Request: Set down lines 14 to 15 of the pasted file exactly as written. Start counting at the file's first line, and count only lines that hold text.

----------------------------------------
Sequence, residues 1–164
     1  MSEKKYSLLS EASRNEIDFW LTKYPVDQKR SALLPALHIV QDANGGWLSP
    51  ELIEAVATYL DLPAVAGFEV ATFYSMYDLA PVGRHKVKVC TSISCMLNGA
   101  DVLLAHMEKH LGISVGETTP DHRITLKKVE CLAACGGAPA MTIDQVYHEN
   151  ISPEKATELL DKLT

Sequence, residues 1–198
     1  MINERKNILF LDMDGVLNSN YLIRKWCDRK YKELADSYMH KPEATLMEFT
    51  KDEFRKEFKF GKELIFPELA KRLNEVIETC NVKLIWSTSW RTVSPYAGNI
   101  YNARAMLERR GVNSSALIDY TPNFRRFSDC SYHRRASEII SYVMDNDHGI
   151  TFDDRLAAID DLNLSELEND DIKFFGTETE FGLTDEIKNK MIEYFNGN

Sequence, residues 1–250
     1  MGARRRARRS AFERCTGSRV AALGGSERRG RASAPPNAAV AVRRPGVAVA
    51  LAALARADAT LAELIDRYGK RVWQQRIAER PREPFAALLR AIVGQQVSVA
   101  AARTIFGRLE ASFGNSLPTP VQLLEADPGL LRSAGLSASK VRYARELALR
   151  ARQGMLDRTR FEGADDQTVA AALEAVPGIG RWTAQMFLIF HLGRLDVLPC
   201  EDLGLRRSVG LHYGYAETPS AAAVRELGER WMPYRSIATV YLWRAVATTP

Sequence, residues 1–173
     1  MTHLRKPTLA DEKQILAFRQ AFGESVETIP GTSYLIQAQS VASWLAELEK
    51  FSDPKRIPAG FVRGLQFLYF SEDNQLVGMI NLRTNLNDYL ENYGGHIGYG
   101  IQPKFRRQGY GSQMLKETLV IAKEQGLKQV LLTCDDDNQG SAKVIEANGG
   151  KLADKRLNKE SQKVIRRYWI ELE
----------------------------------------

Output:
   101  AARTIFGRLE ASFGNSLPTP VQLLEADPGL LRSAGLSASK VRYARELALR
   151  ARQGMLDRTR FEGADDQTVA AALEAVPGIG RWTAQMFLIF HLGRLDVLPC